By Ruth A. Ringelstetter
Southwest Wisconsin is part of the Driftless Region. When the glaciers retreated, what they left behind was silt, clay, sand, gravel, and boulders. This was called drift. This area of Wisconsin is unglaciated, so it is referred to as driftless.
That’s about enough geology for me. What I do know is that Joann and I love this area of Wisconsin. It is probably why we also love southeast Minnesota, Northeast Iowa, and Northwest Illinois as they are all part of this unglaciated region. From I-94 in the north, down past the southern border of Wisconsin, you will find a lot of roads with names like Dodson Hollow, Salem Ridge, Kammell Coulee, and Kill Hill Road.
If you drive some of the Hollow and Coulee roads, you will find yourself down in the valleys of the region. Most of these valleys will have a stream running through them and you may find some springhouses. You will also see small farm fields carved out of this rough terrain. We always marvel at the fortitude of these farmers to have carved a life out of this land. But it is beautiful and peaceful, so we do understand their desire to live in this area. It is a place of many streams and wooded ridges where wildlife abounds.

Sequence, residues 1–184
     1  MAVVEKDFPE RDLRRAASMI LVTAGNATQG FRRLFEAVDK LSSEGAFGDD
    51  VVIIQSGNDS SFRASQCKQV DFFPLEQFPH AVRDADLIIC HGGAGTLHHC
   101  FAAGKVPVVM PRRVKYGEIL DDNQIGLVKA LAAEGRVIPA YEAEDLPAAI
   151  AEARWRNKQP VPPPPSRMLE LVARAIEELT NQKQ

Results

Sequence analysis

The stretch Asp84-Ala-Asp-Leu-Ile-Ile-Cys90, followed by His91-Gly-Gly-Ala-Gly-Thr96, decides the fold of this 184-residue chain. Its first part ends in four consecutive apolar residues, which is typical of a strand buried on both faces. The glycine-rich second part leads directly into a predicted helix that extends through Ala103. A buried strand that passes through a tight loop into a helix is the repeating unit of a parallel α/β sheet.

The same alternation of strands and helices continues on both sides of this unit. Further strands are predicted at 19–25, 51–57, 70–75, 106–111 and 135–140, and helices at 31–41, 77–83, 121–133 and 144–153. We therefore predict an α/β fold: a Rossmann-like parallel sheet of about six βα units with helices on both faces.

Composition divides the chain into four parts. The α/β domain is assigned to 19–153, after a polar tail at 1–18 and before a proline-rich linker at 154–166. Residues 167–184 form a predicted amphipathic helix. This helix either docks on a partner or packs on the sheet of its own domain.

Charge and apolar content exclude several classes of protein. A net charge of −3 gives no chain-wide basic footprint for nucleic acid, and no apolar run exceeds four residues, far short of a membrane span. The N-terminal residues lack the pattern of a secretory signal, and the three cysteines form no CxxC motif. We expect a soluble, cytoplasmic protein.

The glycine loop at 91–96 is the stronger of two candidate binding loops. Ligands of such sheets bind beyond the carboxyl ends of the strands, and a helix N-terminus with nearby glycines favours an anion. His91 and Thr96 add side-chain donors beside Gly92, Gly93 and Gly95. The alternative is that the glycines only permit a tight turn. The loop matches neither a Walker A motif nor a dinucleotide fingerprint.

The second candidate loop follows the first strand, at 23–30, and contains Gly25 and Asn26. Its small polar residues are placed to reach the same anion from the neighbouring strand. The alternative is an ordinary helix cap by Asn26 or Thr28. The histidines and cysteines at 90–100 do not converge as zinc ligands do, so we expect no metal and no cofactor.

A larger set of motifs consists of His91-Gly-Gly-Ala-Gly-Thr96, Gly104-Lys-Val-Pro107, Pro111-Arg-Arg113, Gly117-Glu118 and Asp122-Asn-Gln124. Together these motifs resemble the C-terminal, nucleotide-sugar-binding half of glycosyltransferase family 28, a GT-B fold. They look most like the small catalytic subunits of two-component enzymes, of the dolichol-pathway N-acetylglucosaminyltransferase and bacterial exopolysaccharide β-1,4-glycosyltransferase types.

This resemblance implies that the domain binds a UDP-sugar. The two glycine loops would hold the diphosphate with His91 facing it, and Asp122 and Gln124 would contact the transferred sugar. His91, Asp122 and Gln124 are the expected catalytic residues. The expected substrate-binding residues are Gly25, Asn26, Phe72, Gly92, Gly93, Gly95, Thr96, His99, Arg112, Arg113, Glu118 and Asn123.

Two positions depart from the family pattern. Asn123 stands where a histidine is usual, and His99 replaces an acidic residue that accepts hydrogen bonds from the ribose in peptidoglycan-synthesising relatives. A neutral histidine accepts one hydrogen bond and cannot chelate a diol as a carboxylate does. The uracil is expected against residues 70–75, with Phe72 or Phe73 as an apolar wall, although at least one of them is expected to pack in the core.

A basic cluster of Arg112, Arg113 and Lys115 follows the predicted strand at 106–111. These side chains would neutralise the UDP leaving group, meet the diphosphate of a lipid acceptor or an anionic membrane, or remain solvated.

When you drive the Hill and Ridge roads, you will climb to the top of the ridges and look down into the hollows and coulees below. You will see many small farms nestled in the valleys. You can visit Wildcat Mountain State Park and drive along the Ocooch Mountain range. Neither of these “mountains” is a mountain by dictionary standards, but they are some of the highest in Wisconsin, and they help to make this such a special place.
Many of the roads in the coulees travel far back into the valley and then dead-end. Don’t be afraid to drive some of the longer ones. If anyone asks, say you’re looking for your cousin Bill. That’s what we do!
Fall color seems more dramatic in the area, and perhaps it’s because you’re either high on a ridge looking down into the color spreading across the valley, or you’re driving down in the valley with the ridges of color spread out before you. Whatever the reason, it’s worth the trip to view the brilliant colors of autumn.
If you haven’t experienced this area of Wisconsin for yourself, you should take a day or two and enjoy the fall weather. You won’t regret it.